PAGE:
HART Communication Protocol: Overview, Working Principle, Benefits in Industrial Automation
September 07, 2020
Today, various types of smart field devices are used as a part of industrial automation systems. It would be difficult for a field engineer or authorities to monitor every device installed in a factory. This type of monitoring is usually achieved using smart devices, which enable data transfer between various connected devices within and outside the factory to the main monitoring system. The data is used to streamline factory automation and process control. For several years, the data communication was accomplished through 4-20 mA loop transmitters. The data was converted into 4-20 mA current on a two-wire loop system. The main disadvantage of this system is it can monitor only one process variable at any time. This is where HART-enabled smart devices such as HART transmitters can make a difference. Today, HART protocol has become an industry standard for industrial automation. This post analyzes HART protocol, its working, benefits, and everything else you want to know about it.
What is HART Technology?
HART is an abbreviation of Highway Addressable Remote Transducer, and this technology was introduced in the 1980s. Built on the Bell 202 standard, the HART protocol facilitates digital data or signal transfer over analog wiring systems. Today, more than 30 million devices across the world are powered by HART protocol. Owing to its various benefits, the HART protocol has become an industry standard for establishing communication between host systems and smart field devices. The host systems may be handheld communicators or monitoring systems, or PLC/DCS systems. Unlike the traditional 4-20mA protocol, the HART technology is a bi-directional communication protocol. How does this protocol work? Read the next section to know the answer.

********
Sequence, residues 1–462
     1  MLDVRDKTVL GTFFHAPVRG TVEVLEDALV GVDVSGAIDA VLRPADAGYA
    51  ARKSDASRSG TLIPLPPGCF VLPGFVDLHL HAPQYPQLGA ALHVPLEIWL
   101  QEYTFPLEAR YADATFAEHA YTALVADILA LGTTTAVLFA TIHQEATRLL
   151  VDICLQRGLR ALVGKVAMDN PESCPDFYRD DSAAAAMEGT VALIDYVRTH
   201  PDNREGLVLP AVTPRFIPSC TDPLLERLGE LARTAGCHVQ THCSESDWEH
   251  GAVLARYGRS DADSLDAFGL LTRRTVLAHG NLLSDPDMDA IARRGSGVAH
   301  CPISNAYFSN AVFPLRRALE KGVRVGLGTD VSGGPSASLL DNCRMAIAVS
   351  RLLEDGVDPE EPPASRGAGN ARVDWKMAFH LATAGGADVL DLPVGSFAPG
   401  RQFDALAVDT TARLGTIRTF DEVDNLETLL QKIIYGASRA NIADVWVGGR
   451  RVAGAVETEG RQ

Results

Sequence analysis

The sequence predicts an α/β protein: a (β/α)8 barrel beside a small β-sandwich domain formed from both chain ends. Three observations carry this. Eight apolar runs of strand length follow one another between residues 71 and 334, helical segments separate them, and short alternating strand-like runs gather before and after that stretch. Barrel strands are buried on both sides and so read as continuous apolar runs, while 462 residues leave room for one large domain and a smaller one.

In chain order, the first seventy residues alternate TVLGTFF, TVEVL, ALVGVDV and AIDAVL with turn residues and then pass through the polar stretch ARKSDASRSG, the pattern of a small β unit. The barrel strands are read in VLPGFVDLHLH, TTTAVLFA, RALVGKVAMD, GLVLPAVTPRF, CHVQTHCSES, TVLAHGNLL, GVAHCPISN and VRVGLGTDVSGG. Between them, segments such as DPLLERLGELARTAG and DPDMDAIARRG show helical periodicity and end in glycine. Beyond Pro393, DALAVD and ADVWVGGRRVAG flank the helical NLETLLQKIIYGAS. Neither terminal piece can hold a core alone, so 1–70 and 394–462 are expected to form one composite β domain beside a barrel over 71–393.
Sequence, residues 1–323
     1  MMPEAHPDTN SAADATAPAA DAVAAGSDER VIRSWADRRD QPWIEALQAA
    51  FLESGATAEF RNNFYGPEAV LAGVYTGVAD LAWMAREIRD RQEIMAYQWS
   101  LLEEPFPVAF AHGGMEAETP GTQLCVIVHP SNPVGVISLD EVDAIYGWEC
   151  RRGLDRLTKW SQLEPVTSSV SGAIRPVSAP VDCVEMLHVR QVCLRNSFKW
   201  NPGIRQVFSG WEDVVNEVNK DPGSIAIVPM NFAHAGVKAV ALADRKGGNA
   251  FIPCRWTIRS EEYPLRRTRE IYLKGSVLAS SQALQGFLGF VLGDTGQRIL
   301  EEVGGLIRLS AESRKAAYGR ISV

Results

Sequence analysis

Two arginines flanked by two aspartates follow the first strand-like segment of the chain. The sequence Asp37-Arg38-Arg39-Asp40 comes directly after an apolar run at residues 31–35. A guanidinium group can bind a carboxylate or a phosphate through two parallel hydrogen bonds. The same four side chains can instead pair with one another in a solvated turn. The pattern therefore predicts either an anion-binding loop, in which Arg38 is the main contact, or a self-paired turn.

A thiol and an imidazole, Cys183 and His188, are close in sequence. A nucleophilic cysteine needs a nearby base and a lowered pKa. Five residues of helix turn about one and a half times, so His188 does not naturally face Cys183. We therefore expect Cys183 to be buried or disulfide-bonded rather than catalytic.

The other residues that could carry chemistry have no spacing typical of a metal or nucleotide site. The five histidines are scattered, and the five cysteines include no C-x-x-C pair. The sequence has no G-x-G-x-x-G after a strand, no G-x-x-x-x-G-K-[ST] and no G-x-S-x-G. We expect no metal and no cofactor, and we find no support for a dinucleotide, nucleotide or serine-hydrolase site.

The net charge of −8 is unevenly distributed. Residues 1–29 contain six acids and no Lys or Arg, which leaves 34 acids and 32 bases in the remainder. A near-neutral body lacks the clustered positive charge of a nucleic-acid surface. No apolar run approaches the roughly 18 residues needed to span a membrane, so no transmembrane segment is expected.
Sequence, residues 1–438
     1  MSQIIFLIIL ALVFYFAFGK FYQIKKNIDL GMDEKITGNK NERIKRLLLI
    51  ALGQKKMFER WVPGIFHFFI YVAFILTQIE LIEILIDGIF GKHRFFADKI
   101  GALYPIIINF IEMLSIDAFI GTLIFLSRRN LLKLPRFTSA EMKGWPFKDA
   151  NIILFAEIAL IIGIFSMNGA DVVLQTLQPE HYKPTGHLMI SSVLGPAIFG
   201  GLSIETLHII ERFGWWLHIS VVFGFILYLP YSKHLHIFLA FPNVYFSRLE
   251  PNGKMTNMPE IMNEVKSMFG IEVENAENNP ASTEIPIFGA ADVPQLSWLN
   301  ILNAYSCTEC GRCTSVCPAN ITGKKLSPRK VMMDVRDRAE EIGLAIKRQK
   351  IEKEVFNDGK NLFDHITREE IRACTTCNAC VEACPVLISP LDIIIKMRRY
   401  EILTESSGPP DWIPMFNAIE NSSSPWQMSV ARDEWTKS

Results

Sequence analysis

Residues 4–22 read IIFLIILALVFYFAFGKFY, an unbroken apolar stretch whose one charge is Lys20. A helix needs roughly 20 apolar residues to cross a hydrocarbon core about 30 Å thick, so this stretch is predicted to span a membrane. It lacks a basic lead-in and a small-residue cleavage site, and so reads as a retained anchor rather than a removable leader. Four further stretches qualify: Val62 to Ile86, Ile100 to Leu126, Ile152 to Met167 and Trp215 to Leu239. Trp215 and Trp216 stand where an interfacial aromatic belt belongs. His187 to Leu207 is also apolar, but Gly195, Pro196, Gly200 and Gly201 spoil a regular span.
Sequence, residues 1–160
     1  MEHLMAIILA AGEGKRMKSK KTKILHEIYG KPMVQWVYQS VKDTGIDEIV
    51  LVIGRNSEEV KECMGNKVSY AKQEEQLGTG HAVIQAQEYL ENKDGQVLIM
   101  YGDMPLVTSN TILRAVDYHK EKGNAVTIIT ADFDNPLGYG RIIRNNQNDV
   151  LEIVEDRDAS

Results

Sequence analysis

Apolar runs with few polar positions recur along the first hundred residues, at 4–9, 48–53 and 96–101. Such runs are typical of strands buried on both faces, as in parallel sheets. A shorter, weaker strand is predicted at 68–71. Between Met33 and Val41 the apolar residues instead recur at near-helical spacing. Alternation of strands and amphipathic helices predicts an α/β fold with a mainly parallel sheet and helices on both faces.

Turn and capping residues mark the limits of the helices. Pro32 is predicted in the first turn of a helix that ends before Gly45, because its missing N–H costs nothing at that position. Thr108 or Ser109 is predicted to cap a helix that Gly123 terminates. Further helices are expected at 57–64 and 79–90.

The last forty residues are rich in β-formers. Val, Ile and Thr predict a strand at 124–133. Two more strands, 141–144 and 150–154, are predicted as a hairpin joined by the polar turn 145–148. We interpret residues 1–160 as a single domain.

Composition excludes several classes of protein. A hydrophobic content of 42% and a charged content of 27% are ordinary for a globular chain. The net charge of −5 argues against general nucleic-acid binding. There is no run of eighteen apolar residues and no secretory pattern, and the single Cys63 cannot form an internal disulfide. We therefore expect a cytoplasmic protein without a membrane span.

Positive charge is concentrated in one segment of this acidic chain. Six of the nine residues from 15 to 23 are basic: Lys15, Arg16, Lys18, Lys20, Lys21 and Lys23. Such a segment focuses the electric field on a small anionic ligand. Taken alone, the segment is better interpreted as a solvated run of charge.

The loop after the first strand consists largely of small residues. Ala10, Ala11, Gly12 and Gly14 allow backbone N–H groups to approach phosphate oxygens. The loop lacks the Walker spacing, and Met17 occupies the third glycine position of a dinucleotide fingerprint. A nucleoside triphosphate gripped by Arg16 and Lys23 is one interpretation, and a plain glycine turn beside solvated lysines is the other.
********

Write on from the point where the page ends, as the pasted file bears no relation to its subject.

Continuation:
How does HART Communication Protocol Works?
As said before, HART technology is built on Bell 202 standards and works on the frequent shift keying (FSK) principle. The digital HART signal is made of two frequencies – 1,200 Hz, as well as 2,200 Hz. The 1,200 Hz signal represents bit 1 and the 2,200 Hz signal represents bit 0. The data transfer takes place when sine waves of these frequencies superimpose on DC analog signal cables. During this transfer the 4-20 mA signal is not affected because the average value of an FSK signal equals to zero. Generally, the HART protocol can communicate 1200 bps, without interfering with the 4-20mA signal. This enables the host application to receive two or three digital updates in a second, from a smart device.
The HART protocol supports two communication channels at a time –4-20 mA analog signal and digital signals. The digital signals can be any information such as the operational status of the device, diagnostics, any measured value, and so on.
The HART technology is distinguished as a master/slave protocol because the slave device (a smart device) only works when a master device (computer or any other host device) is connected to it. The protocol is used in two modes, which is discussed in detail in the next section.